The dark underbelly of a small town has provided cinematic fodder for generations. It’s just a lucrative source of storytelling. After a debut last year at the Tribeca Film Festival, another effort joins the fray, starting today, in Blow the Man Down, a surprisingly fun drama that slowly turns the screws. The material may sound serious and even grim, but it actually is handled with such a steady tone that it almost resembles something that the Coen Brothers would do, as opposed to a bleak expose. Amazon Studios has this one and will put it out on their service, so expect it to be one of the higher profile VOD options this weekend.
The movie is a mix of drama and mystery, with actually a little bit of comedy thrown in for good measure. It’s set in the small Maine town of Easter Cove, a remote coastal fishing village. As is often the case in fictional stories like this, the bonds and secrets of this town are huge. Here, the men go to work out on the sea, catching fish, while the women, especially a group of older women, handle things on land. They serve as the community’s gatekeepers, operating on a discrete yet powerful level. That’s just how it has always been, though things are about to change. Mary Margaret Connolly (Linda Shary), one of the town’s matriarchs, has passed away. Not only do her two daughters, Mary Beth (Morgan Saylor) and Priscilla (Sophie Lowe), face an unclear immediate future now, with financial burdens, they also are about to have a dead body on their hands. Priscilla has taken over the family fish shop, while Mary Beth doesn’t exactly warm to any new responsibilities. However, that aforementioned body complicates things. As this goes on, the older ladies, namely Doreen Burke (Marceline Hugot), Susie Gallagher (June Squibb), and Gail Maguire (Annette O’Toole), begin to put pressure on local business owner Enid Nora Devlin (Margo Martindale), especially considering the unsavory nature of her work. Bridget Savage Cole and Danielle Krudy share writing and directing duties, while Jordan Dykstra and Brian McOmber composed the music. Todd Banhazl handles the cinematography. Rounding out the cast are Will Brittain, Thomas Kee, Kat Palardy, Gayle Rankin, and Skipp Sudduth, among others.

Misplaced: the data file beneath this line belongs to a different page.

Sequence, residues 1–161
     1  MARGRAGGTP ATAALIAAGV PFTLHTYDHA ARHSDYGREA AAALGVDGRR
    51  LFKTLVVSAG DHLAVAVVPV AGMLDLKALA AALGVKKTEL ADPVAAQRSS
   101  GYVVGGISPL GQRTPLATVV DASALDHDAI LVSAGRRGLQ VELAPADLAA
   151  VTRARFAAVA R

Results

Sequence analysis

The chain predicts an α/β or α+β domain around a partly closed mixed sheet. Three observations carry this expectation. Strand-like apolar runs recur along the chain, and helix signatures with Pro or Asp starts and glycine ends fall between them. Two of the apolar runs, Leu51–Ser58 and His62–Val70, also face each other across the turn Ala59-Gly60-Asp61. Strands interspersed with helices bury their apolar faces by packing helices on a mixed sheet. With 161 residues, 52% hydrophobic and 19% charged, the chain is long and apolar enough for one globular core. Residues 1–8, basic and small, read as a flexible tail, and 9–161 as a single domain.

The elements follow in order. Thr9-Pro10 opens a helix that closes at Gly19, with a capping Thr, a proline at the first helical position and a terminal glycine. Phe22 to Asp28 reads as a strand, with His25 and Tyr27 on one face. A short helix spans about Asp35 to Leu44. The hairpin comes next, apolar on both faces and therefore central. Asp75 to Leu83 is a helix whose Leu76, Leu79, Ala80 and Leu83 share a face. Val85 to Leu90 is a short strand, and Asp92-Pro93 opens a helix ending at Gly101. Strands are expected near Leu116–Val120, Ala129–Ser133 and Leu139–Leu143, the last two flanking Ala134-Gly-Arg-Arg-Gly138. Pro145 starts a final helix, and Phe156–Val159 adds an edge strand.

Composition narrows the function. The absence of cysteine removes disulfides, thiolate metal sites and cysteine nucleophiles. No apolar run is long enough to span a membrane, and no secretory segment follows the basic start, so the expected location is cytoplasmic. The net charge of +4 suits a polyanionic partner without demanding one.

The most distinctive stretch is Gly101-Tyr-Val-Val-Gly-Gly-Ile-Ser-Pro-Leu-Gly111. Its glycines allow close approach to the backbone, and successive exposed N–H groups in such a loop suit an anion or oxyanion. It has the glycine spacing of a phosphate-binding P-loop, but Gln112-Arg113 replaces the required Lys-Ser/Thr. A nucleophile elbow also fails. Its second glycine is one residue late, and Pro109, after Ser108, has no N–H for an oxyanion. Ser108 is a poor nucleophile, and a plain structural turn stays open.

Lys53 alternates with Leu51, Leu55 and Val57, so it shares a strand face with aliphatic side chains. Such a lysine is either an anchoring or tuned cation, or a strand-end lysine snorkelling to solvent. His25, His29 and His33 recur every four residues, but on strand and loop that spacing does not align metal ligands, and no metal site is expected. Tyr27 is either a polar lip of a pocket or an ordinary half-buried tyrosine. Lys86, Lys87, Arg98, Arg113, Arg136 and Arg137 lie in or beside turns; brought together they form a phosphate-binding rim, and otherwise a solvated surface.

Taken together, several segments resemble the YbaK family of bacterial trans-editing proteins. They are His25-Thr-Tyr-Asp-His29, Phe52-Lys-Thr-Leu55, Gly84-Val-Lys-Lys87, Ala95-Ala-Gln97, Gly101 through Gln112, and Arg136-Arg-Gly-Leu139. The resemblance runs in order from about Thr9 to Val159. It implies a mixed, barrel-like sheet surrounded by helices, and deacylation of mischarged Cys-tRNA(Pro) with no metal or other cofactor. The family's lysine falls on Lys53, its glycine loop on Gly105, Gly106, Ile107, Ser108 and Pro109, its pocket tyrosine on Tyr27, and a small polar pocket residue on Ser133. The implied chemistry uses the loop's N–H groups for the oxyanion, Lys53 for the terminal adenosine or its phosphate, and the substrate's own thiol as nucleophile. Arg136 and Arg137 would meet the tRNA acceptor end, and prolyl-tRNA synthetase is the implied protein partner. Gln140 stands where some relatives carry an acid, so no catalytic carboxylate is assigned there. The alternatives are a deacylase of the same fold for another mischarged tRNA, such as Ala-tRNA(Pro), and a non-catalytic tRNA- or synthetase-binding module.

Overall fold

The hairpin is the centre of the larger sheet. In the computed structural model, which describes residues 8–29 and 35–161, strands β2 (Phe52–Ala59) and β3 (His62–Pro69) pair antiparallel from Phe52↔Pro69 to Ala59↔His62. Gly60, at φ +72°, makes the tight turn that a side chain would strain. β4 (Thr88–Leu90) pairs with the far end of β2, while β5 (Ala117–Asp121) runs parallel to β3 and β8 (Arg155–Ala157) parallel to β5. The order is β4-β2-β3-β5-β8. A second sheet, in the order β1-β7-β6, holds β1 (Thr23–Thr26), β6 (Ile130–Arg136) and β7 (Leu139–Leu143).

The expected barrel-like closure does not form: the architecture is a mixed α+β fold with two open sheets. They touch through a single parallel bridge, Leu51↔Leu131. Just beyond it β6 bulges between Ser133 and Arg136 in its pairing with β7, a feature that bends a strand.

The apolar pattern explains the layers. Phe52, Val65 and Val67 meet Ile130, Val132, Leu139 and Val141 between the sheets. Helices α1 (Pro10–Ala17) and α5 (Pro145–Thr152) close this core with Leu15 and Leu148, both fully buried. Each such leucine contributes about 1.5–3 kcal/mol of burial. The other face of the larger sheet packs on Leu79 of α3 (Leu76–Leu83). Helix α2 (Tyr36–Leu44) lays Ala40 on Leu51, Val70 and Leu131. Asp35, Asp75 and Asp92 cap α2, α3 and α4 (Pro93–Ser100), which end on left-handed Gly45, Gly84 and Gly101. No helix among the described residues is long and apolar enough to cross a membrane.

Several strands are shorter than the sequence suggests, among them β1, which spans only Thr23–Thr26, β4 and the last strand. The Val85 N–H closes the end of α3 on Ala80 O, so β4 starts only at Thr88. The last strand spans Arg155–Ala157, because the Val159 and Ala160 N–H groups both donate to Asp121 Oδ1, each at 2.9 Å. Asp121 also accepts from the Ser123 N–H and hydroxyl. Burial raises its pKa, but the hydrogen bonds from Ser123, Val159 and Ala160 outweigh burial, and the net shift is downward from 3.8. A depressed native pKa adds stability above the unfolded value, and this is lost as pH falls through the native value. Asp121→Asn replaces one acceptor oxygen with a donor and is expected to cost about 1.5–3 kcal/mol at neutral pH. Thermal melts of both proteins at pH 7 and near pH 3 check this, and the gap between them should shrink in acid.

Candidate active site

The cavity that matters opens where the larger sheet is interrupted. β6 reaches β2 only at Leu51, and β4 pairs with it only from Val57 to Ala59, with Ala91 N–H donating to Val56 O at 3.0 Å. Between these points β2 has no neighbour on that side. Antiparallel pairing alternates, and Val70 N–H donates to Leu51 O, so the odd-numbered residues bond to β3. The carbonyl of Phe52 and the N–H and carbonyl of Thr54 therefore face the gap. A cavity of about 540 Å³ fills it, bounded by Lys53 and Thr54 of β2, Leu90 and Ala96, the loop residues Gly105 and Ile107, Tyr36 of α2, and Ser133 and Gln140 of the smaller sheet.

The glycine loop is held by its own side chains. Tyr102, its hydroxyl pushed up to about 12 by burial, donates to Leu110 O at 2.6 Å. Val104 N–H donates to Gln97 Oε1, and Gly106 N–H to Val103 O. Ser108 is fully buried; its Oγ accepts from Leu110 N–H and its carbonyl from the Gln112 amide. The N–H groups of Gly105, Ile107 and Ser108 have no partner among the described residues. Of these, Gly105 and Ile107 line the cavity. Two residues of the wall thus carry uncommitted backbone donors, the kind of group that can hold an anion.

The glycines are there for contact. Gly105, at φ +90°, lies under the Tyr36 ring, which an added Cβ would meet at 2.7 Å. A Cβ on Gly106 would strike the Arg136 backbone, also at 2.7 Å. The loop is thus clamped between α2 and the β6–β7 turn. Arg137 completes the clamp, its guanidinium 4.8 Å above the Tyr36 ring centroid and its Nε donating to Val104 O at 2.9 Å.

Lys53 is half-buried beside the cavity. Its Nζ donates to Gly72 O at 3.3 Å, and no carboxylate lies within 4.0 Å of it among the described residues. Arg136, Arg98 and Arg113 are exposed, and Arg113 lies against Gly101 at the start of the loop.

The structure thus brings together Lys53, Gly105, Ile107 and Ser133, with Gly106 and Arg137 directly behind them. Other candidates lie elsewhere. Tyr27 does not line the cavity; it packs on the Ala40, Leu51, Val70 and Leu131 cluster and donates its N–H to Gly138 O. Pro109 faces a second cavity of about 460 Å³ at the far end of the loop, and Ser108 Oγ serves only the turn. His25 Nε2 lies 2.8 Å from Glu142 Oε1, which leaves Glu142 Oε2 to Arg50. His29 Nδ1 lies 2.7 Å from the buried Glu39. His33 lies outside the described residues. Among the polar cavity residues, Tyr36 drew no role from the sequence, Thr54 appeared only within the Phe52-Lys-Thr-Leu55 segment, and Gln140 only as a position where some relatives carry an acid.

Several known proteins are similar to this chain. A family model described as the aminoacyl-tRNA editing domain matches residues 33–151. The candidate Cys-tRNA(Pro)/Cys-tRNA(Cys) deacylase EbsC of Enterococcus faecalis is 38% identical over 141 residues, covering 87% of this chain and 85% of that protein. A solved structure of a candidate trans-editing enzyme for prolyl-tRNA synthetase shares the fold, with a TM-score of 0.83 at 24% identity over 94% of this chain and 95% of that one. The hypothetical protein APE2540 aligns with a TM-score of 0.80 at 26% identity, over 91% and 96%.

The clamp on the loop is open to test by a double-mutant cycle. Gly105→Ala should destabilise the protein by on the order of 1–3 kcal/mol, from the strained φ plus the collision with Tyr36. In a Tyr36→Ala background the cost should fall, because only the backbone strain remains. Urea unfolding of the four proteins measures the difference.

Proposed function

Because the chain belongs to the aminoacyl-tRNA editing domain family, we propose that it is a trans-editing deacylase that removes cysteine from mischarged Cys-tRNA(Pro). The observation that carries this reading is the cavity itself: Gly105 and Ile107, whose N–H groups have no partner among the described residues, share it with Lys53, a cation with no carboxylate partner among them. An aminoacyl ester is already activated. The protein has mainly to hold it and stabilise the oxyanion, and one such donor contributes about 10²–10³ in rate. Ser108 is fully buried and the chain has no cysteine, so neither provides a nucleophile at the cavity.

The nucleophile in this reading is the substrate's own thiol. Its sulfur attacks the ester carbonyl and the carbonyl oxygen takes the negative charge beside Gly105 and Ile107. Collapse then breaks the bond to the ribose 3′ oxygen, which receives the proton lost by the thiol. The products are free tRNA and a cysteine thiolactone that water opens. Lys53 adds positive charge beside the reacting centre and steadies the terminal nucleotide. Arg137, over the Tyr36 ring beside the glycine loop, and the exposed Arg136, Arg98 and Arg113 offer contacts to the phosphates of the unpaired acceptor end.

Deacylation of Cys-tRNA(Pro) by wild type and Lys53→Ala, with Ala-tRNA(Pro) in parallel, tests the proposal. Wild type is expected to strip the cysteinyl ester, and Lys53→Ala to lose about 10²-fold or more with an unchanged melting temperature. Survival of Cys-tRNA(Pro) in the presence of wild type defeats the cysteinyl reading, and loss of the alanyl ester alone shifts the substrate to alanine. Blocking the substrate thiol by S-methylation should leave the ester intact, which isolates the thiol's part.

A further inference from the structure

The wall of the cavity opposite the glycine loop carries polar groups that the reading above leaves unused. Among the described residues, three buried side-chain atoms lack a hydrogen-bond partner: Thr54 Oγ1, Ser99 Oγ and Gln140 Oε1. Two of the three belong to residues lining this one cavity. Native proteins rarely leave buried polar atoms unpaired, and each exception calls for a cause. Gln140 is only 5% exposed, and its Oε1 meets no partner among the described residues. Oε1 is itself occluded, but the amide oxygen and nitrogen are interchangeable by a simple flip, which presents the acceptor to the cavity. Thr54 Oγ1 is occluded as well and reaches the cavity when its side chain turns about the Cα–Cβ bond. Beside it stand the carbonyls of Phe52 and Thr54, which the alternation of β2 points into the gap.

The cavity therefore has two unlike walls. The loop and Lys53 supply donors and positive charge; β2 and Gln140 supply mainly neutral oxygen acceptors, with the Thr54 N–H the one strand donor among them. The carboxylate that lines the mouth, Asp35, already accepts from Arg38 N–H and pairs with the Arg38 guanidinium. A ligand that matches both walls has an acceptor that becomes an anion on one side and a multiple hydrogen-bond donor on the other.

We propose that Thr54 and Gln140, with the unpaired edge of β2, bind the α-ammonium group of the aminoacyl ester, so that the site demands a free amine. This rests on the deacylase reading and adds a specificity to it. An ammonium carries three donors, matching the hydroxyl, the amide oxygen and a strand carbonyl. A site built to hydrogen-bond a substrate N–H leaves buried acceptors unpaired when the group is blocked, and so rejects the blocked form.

There’s just an inherent entertainment factor in watching a town controlled by old women start to expose its secrets. Everyone plays this straight, but there’s never not a sense that fun is being had. Margo Martindale especially is reveling in her madam type character, letting every line of dialogue spew from her mouth like polite venom. Really, everyone’s interactions here shine. That’s a big reason why the film succeeds. Everyone involved just know how to effectively tell a story.
Blow the Man Down has an interesting tone that helps set it apart. It’s hardly a comedy, but it plays somewhat with its tongue planted firmly in cheek. This keeps things from being either too serious or too silly. The Coen Brothers would be proud, that’s for sure. It’s a thin line that filmmakers Bridget Savage Cole and Danielle Krudy need to work, but they walk it well here. It’s an understatement to say that it’s going to be exciting to see what they opt to do next.
As of today, Blow the Man Down will be available On Demand from Amazon. It’s a quality option that manages to be easily enjoyable, despite its potentially unsavory subject matter. Amazon Studios has a good one on their hands here, which first screened at Tribeca last year. With this year’s festival postponed, you can watch this movie now and pretend that you’re at a version of the fest…
Be sure to check out Blow the Man Down, on VOD this weekend!
(Photos courtesy of Amazon Studios)